Niagara Gazette — Not since my youthful Navy days and near daily visits to the Burger King on Hampton Boulevard in Norfolk, Va., have I noticed that there were five guys lined up to be served at the counter and no women. I commented on it to those guys and then jokingly asked the young woman employee behind the counter, “Where are all of the women?”
She scanned the line, leaned forward toward me, and in a mock whisper said, “They are all at work.”
I have to believe that there were times when there were all women standing in the line and no men; but the fact was that all of the men that were standing in line were all gainfully employed. Nonetheless, it did make me think of the relationship between the sexes and the genders — the genders being traditional female and male roles in society.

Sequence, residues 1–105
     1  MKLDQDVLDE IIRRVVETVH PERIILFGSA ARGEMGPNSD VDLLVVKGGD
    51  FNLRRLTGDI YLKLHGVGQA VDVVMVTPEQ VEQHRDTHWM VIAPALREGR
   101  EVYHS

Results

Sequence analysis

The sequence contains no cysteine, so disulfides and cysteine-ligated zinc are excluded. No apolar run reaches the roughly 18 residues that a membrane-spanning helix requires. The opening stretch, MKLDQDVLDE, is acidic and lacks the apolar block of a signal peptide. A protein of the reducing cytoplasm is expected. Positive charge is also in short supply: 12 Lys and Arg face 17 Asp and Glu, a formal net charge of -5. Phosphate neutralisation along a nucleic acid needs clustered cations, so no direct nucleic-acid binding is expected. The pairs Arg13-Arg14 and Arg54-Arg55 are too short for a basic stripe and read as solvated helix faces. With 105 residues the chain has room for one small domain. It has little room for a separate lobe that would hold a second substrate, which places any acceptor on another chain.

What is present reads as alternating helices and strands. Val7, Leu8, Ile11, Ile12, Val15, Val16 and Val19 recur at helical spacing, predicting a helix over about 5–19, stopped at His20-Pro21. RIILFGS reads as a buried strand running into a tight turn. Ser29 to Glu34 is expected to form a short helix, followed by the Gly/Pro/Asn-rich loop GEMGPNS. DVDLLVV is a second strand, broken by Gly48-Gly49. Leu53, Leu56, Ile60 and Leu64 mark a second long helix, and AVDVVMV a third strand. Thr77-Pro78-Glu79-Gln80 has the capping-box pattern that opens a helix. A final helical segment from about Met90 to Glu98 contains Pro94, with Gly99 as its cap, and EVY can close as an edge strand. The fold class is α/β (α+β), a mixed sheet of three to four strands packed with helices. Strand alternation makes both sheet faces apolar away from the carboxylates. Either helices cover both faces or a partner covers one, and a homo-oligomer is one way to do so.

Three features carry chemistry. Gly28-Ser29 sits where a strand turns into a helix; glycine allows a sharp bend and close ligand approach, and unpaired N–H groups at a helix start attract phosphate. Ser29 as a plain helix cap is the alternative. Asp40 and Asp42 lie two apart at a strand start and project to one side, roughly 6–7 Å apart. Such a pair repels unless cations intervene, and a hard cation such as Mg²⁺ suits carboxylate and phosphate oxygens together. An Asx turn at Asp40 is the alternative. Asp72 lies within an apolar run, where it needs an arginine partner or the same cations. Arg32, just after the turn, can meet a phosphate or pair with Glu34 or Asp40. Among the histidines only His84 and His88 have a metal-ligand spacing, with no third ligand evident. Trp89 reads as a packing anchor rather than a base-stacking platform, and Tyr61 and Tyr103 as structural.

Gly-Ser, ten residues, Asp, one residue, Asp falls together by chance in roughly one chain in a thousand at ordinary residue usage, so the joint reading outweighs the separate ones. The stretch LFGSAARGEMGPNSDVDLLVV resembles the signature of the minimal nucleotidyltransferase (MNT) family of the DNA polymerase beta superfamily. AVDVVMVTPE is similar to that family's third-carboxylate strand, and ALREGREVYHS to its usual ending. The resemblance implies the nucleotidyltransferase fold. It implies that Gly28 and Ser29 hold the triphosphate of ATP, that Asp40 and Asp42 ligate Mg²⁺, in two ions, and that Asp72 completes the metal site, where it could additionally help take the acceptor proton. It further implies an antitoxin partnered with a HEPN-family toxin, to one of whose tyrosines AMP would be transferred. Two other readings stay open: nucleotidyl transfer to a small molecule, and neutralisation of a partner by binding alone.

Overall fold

In places where there are both high poverty and significant minority numbers, more women are apt to be working than men. There are socio-economic reasons for that being the case.
Women are less threatening to prospective employers, more apt to have custody of the children that they produce and are more likely to get and keep the necessary public services that allow them to support those families with lower income jobs.
Meanwhile men, who can also be excellent and loving fathers, often find prospective employers intimidated by them and traditionally can’t get the support services to support families as readily as do women.
Additionally, men, as a result of a failing school system that is overwhelmingly run by females who may be like many employers and are intimidated by these boys to men, and a society that too often extols the lack of good jobs for them, combined with a general sense of hopelessness, often simply drop out and tune into the streets for survival, thus ensuring their continuance of a lifetime of failure.